Wednesday, January 12, 2011

Free Improvisation is dead! Long live Free Improvisation!

I think free improvisation is the best thing to call what I play, practice, and teach - has been my website for over 10 years.  To me, free improvisation simply means that I am free at any moment to play whatever and however I want.   

I know free improvisation is really, really fun - both for the people improvising the music, and the people improvising the audience.  I truly believe it's something that everyone does and intuitively understands.  But unfortunately, to the general public the phrase has come to basically mean "deliberately unpleasant sounding and/or boring music".  

I want to invite you to join me in reclaiming free improvisation, in re-branding it, so that when people hear the phrase they assume the music and the event surrounding it will be interesting, intriguing, beautiful, fun, enjoyable, stimulating - name your positive adjective!  To that end, I will continue to:

Create events that are beautiful and special, even if that means using more resources on less events throughout the year.

Give my audience the respect they deserve, as fellow improvisers of the event.  Pay attention to them, and perform in a way that invites them to understand and love what I am doing.  

Make music that goes beyond the traditional boundaries of free improvisation as a genre - music that embraces more musical and improvisational possibilities.

Communicate with improvisers from other mediums, learn from each other, and share audiences.

Take improvisation to schools, businesses, and communities, to give everyone an opportunity to appreciate and experience how, as my favorite quote by Mr. Rogers so simply and profoundly says:

"It just feels good to be alive, when you're playing and making up things".


  1. I love the post. I play piano in a church. It's all about reading music and playing/singing just as it is. I am trying to have them sing a song with only giving them words to go by and create the harmony the way they want. I think it will be fun. Not really improv but a move in a different and more creative direction.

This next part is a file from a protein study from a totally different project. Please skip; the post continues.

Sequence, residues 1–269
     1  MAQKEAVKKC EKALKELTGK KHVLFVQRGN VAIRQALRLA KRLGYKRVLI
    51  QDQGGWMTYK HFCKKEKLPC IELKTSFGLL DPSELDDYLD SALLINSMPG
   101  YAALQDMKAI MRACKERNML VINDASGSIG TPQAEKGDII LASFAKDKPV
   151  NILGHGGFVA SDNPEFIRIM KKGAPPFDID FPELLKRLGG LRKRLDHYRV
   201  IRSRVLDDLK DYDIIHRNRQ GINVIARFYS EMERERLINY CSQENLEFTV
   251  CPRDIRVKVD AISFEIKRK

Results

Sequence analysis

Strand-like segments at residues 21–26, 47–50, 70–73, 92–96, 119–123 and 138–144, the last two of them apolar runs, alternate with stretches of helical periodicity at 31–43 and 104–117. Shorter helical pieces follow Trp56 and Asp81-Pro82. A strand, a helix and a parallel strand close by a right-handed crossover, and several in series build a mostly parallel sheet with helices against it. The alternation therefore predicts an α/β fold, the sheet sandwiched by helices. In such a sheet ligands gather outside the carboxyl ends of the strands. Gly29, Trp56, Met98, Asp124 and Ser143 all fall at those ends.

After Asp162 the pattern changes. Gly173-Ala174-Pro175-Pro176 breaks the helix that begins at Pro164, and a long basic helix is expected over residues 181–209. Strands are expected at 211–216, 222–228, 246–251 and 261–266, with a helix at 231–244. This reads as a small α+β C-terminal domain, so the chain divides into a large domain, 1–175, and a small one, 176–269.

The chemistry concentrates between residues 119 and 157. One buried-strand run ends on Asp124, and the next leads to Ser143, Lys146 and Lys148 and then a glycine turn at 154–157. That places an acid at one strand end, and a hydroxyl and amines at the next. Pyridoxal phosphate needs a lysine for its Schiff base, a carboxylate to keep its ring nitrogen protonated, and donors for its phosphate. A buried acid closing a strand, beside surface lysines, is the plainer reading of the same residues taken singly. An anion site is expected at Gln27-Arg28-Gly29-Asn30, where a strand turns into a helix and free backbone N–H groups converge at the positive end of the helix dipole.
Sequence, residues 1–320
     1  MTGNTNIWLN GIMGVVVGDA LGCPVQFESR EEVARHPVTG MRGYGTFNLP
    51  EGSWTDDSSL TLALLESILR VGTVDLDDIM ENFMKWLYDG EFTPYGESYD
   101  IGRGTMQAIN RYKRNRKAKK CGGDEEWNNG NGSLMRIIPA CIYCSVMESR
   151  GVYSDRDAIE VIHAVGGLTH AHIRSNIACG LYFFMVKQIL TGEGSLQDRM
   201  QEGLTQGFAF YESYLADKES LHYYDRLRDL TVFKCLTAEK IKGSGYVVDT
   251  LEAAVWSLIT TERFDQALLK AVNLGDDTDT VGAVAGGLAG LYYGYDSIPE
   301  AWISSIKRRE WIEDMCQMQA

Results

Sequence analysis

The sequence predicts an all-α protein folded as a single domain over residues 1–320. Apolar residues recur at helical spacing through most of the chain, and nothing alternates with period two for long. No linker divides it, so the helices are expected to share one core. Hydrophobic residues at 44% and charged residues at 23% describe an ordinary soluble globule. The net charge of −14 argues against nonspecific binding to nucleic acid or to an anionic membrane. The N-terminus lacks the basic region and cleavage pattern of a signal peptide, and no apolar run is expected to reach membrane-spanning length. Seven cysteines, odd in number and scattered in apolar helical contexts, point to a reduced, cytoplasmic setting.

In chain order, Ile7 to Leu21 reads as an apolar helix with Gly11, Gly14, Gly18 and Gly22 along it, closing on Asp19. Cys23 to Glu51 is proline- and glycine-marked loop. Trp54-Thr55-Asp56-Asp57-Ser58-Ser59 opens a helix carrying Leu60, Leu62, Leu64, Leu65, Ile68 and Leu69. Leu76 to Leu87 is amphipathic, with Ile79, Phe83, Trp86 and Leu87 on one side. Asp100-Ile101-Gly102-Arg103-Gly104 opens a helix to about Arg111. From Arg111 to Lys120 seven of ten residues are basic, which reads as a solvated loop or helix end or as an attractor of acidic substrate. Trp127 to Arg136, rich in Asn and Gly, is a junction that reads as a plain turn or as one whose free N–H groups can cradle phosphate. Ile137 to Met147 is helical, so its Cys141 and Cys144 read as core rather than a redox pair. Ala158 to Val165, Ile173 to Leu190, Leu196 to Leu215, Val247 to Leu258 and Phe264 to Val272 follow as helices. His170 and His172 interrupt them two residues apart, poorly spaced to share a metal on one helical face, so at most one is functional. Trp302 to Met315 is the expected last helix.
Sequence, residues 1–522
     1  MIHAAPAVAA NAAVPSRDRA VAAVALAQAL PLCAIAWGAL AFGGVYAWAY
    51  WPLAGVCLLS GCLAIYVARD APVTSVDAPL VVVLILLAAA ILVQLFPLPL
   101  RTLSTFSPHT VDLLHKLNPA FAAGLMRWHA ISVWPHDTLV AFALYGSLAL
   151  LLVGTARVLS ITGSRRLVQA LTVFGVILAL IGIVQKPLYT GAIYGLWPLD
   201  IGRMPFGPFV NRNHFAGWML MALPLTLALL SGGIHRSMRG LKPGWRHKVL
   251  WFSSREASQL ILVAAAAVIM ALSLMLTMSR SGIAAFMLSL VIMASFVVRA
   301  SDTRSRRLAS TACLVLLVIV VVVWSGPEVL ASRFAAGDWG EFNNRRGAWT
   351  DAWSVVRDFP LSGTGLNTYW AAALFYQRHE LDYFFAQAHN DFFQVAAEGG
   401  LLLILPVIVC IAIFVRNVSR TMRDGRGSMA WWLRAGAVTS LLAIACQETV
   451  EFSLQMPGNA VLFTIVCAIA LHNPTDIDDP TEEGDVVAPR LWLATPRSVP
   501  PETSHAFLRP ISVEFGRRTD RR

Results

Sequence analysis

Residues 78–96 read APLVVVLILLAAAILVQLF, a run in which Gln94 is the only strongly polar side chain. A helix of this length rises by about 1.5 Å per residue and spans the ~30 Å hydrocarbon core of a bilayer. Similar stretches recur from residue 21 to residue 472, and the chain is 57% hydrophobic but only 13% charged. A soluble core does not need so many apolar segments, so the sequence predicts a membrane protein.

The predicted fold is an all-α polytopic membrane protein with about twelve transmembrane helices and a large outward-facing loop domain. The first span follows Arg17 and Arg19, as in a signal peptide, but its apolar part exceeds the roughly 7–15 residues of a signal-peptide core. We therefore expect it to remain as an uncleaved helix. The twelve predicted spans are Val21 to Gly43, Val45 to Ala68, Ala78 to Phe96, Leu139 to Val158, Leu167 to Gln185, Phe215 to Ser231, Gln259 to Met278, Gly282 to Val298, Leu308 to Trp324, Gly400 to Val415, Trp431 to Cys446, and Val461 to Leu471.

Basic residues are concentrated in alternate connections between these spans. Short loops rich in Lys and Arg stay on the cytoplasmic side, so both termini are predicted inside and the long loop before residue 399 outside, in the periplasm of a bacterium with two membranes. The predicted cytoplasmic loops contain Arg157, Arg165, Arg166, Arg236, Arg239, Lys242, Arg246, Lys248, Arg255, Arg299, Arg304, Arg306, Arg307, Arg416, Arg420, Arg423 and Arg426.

2. anonymous: That does sound fun, and it's absolutely improv!! Don't sell it short - every time someone gets a chance to experience that delicious moment of spontaneously creating something is a precious moment, and you are giving people that opportunity!

  3. Hi Tom,

    "But unfortunately, to the general public the phrase has come to basically mean 'deliberately unpleasant sounding and/or boring music'."

    I'm curious about this general public. When I speak about musical free improvisation to the general public, in the vast majority of cases they have never heard of it and need me to explain what it is, and isn't. I'm curious what your experience is that leads you to the conclusions you've come to.

    Also I would love to hear you define some of your terms, for instance "the traditional boundaries of free improvisation as a genre." I'd like to know what you think those are.

    Many thanks,


  4. Hi Rueben,

    Thanks for reading, and especial thanks for commenting! My general public consists of people and musicians I know in the New England area who are not free music aficionados. Not a huge sample, but it's the public I got!

    Sounds like I'd rather have your general public - then I could play them the stuff I think is fun and great and that they would like, and tell them that's what free improv really is...

    By your special request, I've created the first five commandments for the traditionalist free improvisation:

    1) Thou shalt not groove (unless it's a groove no one can tap their foot to, like an extremely odd meter or extremely fast tempo).

    2) Thou shalt not play a singable melody (if melodies cannot be completely avoided, they must be complex enough that they are difficult to hear, understand, and/or remember).

    3) Thou shalt not repeat (either anything you have already played, or through imitation, anything your fellow improvisers have played).

    4) Thou shalt not be obvious (if you suspect the audience or your fellow musicians may be able to predict what you are going to do next, you must immediately act in such a way as to thwart their expectations).

    5) Thou shalt not improvise anything that sounds like another, more traditional style of music (unless you are doing this in order to comment on it through odd juxtapositions, distortions, or mutations).

    That was fun - thanks for the suggestion!
    Feel free to add your own!